The team has completed calculations on about a third of the polymers they plan to look at, and their work continues today. Already the data let researchers compare the erosion rates of materials in orbit and also identify the key degradation mechanisms present in a given reaction. In addition the results will help researchers reconcile the differences between current theoretical and experimental results, which are often contradictory and difficult to interpret due to the complicated nature of the problem.

“Initially we just wanted to understand the common materials so we could predict how they would react. We’ve already been very successful at that,” says Banks. “Ultimately we want a shopping list of materials so we’ll have a quantified erosion yield for any arbitrary polymer before we use it and can design spacecraft with that information in mind.”

There are alternative theories to explain the damage done to materials in LEO. For example, polyethylene damage is often chalked up to what is known as hydrogen abstraction in which hydrogen atoms are knocked from the polymer’s structure and leave broken portions of the polymer to react and wreak havoc. Using their quantum mechanical approach, however, Massa’s team has shown that chain breaking, in which oxygen atoms directly attack and break the polymer’s carbon-carbon bonds, may also be a significant cause of damage.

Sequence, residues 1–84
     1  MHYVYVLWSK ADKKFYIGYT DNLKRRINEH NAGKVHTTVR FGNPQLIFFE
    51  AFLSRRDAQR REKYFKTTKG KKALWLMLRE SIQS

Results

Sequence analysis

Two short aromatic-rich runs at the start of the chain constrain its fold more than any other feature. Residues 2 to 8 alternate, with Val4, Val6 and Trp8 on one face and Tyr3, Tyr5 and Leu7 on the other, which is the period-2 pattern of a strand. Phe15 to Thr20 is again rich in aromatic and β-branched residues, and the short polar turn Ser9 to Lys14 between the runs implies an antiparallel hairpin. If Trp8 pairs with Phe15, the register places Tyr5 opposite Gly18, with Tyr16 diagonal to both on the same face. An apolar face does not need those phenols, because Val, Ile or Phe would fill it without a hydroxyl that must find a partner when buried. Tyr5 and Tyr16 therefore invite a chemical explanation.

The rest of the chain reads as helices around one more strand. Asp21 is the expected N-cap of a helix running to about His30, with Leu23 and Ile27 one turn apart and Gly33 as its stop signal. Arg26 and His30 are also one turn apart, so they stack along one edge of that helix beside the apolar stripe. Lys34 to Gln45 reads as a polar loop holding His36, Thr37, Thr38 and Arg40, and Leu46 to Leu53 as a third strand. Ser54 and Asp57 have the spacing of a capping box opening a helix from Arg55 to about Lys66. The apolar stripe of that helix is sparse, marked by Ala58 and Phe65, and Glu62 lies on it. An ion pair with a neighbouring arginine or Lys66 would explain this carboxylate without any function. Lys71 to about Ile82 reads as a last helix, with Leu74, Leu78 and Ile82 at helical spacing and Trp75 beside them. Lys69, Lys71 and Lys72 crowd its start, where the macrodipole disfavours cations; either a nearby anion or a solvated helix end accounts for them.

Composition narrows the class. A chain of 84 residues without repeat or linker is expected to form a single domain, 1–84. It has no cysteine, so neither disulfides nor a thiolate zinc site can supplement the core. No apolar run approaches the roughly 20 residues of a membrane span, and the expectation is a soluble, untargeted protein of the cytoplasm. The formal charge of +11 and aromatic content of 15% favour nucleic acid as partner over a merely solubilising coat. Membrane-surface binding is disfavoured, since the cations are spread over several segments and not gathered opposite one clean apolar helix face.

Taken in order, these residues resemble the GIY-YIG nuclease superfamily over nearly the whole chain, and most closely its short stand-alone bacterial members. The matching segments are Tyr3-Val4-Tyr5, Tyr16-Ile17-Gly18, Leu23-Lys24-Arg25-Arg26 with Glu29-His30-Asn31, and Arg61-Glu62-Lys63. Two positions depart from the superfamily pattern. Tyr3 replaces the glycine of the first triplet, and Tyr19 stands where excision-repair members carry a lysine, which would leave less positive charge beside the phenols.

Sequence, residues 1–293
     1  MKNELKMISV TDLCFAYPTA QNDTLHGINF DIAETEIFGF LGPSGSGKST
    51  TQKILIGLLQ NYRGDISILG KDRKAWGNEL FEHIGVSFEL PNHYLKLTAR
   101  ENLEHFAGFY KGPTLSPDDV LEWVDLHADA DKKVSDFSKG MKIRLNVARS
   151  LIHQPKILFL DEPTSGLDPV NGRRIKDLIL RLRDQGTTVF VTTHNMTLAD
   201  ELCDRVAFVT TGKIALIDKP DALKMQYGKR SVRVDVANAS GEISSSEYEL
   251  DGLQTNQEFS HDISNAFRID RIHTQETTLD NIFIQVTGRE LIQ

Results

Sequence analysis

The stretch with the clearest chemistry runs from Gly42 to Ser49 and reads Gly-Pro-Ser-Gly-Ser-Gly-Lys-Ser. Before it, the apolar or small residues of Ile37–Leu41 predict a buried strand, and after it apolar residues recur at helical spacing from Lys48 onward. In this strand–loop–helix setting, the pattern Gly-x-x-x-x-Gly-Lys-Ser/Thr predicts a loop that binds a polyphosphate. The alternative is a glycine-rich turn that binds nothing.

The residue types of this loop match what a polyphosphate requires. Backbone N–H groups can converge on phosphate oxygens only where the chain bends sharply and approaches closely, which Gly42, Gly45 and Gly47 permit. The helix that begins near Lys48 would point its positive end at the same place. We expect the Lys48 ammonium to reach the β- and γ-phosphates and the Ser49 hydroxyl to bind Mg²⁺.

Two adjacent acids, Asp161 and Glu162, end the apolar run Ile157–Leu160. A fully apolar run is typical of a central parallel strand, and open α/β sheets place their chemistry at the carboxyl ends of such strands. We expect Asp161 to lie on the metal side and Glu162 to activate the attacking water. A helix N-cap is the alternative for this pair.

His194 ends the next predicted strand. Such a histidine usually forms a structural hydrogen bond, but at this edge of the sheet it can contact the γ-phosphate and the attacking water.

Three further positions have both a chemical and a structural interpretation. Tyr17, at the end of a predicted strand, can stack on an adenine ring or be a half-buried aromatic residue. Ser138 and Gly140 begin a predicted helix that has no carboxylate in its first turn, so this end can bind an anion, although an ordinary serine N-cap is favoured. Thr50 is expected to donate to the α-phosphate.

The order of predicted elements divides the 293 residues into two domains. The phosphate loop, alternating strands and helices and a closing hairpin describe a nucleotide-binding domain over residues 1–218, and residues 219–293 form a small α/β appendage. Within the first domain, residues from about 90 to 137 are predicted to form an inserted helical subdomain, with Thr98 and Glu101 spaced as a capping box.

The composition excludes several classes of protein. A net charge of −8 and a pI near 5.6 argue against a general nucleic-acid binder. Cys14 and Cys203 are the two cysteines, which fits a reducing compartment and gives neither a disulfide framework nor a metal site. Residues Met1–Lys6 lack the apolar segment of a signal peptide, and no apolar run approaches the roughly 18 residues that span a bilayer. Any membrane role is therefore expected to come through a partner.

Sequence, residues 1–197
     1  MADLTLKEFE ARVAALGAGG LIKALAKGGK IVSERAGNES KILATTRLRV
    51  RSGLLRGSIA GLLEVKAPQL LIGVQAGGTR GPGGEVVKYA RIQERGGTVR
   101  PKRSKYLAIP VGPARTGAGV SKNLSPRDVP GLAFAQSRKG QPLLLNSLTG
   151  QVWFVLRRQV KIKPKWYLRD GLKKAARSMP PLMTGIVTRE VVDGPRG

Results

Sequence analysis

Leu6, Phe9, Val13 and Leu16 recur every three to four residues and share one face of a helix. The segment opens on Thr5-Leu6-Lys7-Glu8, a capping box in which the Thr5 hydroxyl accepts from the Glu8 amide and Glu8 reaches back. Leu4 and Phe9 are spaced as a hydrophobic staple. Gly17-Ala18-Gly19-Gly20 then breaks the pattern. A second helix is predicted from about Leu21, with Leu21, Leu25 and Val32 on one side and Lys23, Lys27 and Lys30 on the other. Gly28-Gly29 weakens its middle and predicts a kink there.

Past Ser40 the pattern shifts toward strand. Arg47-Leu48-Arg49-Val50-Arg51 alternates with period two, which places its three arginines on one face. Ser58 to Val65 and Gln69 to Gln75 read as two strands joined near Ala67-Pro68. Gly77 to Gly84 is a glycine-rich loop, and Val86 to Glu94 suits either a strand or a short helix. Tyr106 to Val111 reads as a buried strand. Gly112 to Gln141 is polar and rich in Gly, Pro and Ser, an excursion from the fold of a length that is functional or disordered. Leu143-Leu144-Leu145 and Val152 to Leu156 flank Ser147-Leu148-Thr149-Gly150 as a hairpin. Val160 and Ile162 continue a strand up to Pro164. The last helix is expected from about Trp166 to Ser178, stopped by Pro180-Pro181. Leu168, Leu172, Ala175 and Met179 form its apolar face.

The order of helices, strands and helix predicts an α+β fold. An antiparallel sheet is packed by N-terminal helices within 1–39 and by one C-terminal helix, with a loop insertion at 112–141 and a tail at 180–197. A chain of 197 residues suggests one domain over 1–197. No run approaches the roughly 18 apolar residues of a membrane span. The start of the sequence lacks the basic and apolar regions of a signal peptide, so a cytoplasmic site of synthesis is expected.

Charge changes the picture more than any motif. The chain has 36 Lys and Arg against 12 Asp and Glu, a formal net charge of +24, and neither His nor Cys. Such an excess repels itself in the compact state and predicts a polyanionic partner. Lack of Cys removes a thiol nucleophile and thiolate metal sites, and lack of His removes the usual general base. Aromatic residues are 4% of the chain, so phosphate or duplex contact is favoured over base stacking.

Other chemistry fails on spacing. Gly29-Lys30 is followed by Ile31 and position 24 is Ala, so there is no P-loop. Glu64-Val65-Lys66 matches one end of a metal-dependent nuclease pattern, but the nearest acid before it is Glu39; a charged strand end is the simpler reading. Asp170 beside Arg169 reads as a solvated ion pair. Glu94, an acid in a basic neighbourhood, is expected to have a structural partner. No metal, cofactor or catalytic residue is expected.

“We’re not saying that chain breaking by atomic oxygen is the only culprit,” says Massa. “Any number of other reactions could exist, and all of these mechanisms remain to be studied.” The team has confirmed, however, that atomic oxygen in LEO has sufficient energy to break down polyethylene polymers by way of chain breaking and that the mechanism inflicts damage more efficiently than many other chemical processes.

More importantly, the team has provided a fundamental method for approaching the overall problem of polymers’ interactions with atomic oxygen. “We’ve really suggested a new way for this thing to be looked at. Quantum mechanical research has been around for years. This problem has been around for years. But the marriage of the two is unique.” says Massa.

Banks agrees. “Massa’s team is really the only group that is giving us a structural understanding of the reactions. It’s a solid contribution that will continue to grow in significance as the volume of their work increases.”

This research is supported by NASA.